Last week I tried to write a positive article about Games Workshop and Warhammer 40K. At the end, it was sorta positive..?
Today’s article is a different beast entirely. I’m really keen on WarmaHordes right now so I thought I’d take a stab at telling you why. We’ve got other Privateer Press writers on BoLS; my take is that of a complete newbie, so for those of you who haven’t
contracted the bug started playing, hopefully this is an accessible article for why you should consider the investment.
As an aside, yesterday my pal Goatboy took a shot at me in his article, saying he wrote a ‘Brent-like” introduction. Not sure what that means. Anyway, my impulse is to type for the next fifteen minutes but I’m on a deadline, so let’s get right to it.
Era of the Collector
The price of miniatures becomes more and more important with every year that passes. Not so long ago I knew a number of people who were able to support a “One of Every Army” ideal, but with modern pricing and the desire to support more than one game, that kind of player is becoming a rarity. I’ve been calling it the Era of the Collector, when someone chooses to collect either the models that appeal to them the most or simply choose the armies or ranges to support.
WarmaHordes has almost embraced that concept. First, let me say the support Privateer Press offers its players online is great… and probably the absolute minimum a large wargaming company should support.
I mean, forums! What a novel concept! Yes, I know Games Workshop used to support forums. Yes, I know why they stopped. No, I don’t think that’s good enough, though places like Dakka Dakka, Warseer, and the BoLS Lounge benefited.
Interesting, the forums are divided into Communities – and gamers often talk about “our faction,” which means to me they take pride in supporting, collecting, and playing their preferred WarmaHordes faction.
Me? I’m a Circle of Orboros player, though not really a very good one. (Story of my life, there; when I really love a game I tend to suck at it, Warhammer Fantasy being the decades-long example.)
Still, online support and a thriving digital community has given me the opportunity to lurk and do my homework. My next goal is to start playing in tournaments.
This is going to be the longest section of the article, simply because it’s easiest explained with pictures. Anyway, Privateer Press supports an App called War Room, and within the last week there has been an update that’s significantly improved the ease of use. I include this because I see it as an example of longterm support.
These are screen shots from my War Room. Until the last week, I only purchased Menoth, Circle, and Minions, but I opted to pay the $60 bucks to open them all. I see this as an investment in the game, since it’s fairly important to understand what your opponent can bring to the table.
Point is, the app itself is free, but with minimal content. It doesn’t cost much to purchase access to the card set of the faction you’re supporting, and it allows you to create army lists and look at the card set till your heart is content.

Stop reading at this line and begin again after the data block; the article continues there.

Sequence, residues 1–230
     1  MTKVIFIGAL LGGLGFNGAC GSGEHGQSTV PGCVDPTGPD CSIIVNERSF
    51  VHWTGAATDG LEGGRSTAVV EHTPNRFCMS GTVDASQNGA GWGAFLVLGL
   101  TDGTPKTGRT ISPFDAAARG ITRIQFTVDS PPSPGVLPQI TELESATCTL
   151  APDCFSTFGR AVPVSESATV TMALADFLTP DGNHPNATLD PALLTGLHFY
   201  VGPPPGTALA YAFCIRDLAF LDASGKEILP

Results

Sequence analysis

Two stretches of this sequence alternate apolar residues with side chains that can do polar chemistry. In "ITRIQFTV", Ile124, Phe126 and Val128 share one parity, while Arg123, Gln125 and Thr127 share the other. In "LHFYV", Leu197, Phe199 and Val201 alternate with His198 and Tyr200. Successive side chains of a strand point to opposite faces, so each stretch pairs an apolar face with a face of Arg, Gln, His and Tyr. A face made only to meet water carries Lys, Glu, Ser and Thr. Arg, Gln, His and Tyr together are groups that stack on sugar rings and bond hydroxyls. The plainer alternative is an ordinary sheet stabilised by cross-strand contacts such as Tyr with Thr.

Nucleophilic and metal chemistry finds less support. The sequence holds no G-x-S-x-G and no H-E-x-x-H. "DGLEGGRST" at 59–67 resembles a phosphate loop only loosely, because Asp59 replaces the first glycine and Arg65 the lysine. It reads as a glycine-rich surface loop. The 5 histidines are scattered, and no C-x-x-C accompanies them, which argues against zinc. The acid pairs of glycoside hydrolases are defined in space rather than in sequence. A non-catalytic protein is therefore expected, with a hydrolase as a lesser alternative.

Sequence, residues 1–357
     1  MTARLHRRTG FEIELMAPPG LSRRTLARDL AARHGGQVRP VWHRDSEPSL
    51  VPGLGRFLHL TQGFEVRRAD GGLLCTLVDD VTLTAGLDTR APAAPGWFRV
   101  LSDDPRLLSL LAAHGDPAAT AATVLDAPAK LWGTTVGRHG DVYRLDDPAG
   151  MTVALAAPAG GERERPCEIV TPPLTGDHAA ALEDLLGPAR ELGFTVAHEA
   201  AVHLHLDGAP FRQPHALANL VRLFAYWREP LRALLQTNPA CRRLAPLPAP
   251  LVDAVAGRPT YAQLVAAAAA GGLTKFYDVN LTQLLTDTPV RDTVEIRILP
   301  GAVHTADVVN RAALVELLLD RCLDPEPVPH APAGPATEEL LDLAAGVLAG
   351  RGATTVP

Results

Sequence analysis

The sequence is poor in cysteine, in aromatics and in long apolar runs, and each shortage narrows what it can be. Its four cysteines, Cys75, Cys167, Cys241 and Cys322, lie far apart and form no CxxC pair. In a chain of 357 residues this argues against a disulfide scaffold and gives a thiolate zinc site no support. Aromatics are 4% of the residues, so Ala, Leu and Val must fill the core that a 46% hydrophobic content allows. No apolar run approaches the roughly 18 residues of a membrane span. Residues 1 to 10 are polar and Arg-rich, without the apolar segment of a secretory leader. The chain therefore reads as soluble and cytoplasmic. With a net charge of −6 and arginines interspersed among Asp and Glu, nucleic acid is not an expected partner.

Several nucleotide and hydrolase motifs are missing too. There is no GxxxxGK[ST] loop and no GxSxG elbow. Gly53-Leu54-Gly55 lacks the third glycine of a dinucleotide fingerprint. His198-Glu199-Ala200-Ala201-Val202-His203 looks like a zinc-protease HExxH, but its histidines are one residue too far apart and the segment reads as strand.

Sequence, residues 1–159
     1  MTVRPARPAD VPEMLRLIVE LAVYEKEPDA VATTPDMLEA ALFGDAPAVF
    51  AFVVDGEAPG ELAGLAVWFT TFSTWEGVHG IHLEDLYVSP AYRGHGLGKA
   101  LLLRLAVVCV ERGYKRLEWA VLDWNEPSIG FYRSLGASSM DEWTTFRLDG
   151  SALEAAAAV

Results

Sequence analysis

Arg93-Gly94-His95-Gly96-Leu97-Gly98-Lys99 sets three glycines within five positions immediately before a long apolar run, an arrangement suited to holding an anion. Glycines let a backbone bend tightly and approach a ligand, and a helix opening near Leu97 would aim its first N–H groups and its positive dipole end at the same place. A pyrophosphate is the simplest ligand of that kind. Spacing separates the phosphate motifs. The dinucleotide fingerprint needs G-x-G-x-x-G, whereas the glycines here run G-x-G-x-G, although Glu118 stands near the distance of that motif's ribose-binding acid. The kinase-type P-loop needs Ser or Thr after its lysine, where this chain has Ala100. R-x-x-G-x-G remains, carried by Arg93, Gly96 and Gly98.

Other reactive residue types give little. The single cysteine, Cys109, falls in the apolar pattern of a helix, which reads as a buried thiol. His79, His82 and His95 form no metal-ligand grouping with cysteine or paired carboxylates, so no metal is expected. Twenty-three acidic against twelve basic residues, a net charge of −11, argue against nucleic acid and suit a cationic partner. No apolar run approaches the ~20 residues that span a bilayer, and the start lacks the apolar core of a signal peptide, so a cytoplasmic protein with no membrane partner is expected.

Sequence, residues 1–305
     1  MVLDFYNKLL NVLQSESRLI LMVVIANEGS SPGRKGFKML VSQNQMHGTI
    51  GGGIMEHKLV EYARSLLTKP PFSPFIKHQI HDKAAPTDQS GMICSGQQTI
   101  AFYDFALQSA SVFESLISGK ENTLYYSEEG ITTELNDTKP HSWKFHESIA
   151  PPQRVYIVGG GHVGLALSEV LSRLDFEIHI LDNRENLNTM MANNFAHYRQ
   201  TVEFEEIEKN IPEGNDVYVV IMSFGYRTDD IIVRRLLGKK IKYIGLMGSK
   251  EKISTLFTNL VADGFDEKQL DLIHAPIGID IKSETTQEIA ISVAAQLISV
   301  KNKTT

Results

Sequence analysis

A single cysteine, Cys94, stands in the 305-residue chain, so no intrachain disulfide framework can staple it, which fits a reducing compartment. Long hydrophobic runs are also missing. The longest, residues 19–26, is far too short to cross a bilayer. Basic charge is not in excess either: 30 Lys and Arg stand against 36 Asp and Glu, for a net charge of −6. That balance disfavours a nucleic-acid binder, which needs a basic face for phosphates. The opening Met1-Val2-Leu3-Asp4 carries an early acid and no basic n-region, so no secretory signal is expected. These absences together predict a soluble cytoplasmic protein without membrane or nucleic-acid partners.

This is a copy of “Kaya Prime” or pKaya. In the game, Warcasters have different versions based on the fluff, so in a sense the game isn’t stagnant just for ease of development. The card is offered in the free version of the App, so I don’t think Privateer Press will be all that upset that I’ve included an image. If they are, we’ll be happy to take it down.
But this is the card you get with the miniature – having access to a digital bank of updated cards is just awfully nice.
Did I mention a rules reference? I own the basic copy of the game and my faction army book, but I don’t need more than War Room when I’m playing. It’s incredibly easy to reference the rules during a game, and it’s a complete version, straight from the rulebook.
At its most basic, War Room is great for building your army list and referencing rules during a game. There is a feature called Fight that’s also supported, where you can keep track of models during a game or even sync with your opponent should he or she have a copy of the App. Good stuff!
Balanced for Competition
We all know Games Workshop has publicly stated time and again that their game isn’t intended for competitive play. Personally, I don’t get it: a game by its very nature is usually played against something! Further, with so many people wanting to embrace the more competitive aspects of the game, it would seem to me good business to encourage it with some level of design support, if only minimally.
Privateer Press has thrived, at least in my opinion, by embracing the concept of competition. It’s not designed so every option doesn’t have a hard counter; far from it. Rather, the tournaments use multiple army lists so players can try to avoid that type of bad matchup.
(As an aside, that’s WarmaHordes’ way of dealing with balance issues, and Magic the Gathering has a sideboard: why is it the community can’t develop something similar for Warhammer 40K or Fantasy? But I digress.)
Anyway, I’m not suggesting the game is universally balanced; I’m far to new to it to have an educated opinion. Still, it seems the developer support is there – that makes all the difference to the future of this game.
|I didn’t even mention tournament support or League Play…|
Play like you got a pair! (I don’t see this as excluding our female players; I’m pretty sure my wife has a pair – mine – so there’s got to be something to it. I live in a benevolent dictatorship, I do.)
Page five is infamous, and if you haven’t given it a read I suggest you do your homework – it’s worth it. It’s a short refutation of everything that can be wrong with playing a game, but Privateer Press just isn’t having any of it. No whining!
That’s it again, this is another Terrible Tuesday article in the bank. Your turn: any thoughts or comments? Hugs and gropings?